Known as one of China’s best virologists, Shi Zhengli has warned that there is a high possibility of another coronavirus to appear in the future.
Shi Zenghli, who gained her nickname “batwoman” because of her research into viruses that leap from animals, especially bats, to humans, stated in a paper that the world must be prepared for another disease, just like Covid-19.
“If a coronavirus caused diseases to emerge before, there is a high chance it will cause future outbreaks,” she said in a study paper written with her colleagues.
Shi’s team from the Wuhan Institute of Virology, evaluated the human spillover risk of 40 coronavirus species and related half of them as “highly risky.”
The research was based on an analysis of various viral traits, including population, genetic diversity, host species, and any previous history of zoonosis – diseases that jump from animals to humans.
Of these 40, six are known to have already caused diseases that have infected humans. “It is almost certain that there will be future disease emergence and it is highly likely a [coronavirus] disease again,” the study warned.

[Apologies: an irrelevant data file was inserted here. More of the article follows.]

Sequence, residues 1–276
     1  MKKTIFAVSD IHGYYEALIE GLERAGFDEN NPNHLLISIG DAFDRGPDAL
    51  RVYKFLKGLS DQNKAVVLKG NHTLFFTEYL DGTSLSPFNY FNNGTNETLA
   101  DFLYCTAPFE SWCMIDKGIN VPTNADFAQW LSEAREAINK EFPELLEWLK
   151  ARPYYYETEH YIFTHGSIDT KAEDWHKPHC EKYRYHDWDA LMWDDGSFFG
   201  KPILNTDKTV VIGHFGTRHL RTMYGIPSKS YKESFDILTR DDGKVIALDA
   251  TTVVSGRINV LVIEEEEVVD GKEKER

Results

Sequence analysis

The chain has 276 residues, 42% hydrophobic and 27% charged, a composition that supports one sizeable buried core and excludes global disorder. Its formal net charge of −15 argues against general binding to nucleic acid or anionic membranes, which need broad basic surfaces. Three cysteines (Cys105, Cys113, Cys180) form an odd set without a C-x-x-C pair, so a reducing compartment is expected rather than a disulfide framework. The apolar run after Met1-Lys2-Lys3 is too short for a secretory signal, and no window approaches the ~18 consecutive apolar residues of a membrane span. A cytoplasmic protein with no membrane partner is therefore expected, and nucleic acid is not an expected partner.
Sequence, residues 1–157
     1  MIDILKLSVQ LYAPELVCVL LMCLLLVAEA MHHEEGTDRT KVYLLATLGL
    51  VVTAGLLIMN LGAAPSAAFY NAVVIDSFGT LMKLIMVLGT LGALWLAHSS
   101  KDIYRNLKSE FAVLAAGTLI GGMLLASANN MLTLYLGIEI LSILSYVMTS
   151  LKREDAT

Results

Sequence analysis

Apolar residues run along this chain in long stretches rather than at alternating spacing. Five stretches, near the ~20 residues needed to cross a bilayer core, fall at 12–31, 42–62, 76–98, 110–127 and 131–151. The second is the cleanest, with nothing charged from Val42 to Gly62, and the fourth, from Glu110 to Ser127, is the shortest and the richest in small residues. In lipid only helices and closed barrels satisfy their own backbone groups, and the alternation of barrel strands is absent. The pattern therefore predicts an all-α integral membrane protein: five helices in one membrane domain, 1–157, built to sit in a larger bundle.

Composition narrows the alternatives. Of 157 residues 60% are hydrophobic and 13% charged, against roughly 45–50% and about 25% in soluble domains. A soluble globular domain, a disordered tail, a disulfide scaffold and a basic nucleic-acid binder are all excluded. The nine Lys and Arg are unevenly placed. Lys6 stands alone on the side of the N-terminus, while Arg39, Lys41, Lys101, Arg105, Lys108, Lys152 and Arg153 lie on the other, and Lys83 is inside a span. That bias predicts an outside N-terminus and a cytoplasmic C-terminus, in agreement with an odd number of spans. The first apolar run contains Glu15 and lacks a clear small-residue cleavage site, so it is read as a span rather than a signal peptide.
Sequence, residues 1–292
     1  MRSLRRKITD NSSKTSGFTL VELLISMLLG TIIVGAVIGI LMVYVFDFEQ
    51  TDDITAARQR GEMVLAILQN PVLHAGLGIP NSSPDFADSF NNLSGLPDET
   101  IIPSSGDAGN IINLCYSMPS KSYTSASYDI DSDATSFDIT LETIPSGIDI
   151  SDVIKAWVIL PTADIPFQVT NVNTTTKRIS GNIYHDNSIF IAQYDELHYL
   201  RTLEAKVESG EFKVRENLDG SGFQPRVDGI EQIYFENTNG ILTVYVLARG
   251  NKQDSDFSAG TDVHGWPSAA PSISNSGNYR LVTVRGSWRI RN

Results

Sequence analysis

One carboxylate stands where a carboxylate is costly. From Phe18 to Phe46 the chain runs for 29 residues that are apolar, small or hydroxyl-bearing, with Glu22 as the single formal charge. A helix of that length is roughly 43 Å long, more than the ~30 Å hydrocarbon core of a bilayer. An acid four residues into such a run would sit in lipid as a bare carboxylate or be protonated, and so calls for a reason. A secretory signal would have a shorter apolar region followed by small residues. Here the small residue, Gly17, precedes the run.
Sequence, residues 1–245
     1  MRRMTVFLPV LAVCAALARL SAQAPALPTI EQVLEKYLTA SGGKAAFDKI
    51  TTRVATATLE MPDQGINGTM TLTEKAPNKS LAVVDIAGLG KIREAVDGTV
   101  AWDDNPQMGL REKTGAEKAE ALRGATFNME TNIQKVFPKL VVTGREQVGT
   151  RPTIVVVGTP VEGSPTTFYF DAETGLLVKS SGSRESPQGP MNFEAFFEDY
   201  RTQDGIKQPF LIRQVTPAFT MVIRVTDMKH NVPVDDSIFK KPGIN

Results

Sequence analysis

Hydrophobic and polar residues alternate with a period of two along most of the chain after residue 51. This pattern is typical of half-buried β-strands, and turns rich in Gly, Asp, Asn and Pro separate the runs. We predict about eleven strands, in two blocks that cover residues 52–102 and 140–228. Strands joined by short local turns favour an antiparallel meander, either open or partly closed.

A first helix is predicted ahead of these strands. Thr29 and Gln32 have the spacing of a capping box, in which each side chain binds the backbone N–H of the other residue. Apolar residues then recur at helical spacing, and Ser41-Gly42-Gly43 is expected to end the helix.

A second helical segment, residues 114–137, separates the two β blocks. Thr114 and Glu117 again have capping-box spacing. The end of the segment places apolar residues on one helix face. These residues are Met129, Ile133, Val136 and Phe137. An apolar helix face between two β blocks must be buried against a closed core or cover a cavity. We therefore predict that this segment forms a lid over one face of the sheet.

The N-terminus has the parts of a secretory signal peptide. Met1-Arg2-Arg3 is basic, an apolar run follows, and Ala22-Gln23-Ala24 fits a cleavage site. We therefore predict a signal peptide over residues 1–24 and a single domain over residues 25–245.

Although the study was published in the English-language journal Emerging Microbes & Infections in July, it only gained attention on Chinese social media this month.
This may be partly because the study was not written in Chinese, but a scientist from the country’s Centres for Disease Control and Prevention (CDC), said it also reflected a desire to move on from the subject after the abrupt reversal of China’s zero-Covid policies.
“Sometimes in private conversations, when talking with other public health scholars, we have noticed that intentionally or unintentionally, Chinese authorities are downplaying Covid-19, and some cities have stopped releasing infection data,” the scientist (who wanted to be anonymous) told the South Morning China Post.
The Wuhan team has also identified quick and sensitive testing tools that could be used to actively monitor these high-risk viruses.
They have also identified important hosts of the pathogen, which include natural hosts such as bats and rodents, or possible intermediate hosts including camels, civets, pigs and pangolins.
Despite the importance of this research, many Chinese virologists have been reluctant to comment on Shi’s latest findings due to the heightened sensitivities around her work.
The Wuhan Institute of Virology has been under scrutiny, with some US politicians promoting the theory that Covid-19 originated from an accidental leak from the lab.
However, this theory remains highly controversial, with many scientists believing the disease more likely originated from a virus in animals, possibly bats, that then leapt to humans via an unidentified host.
Declassified US intelligence documents published in June have stated there is no evidence to support the lab leak theory but it cannot be ruled out.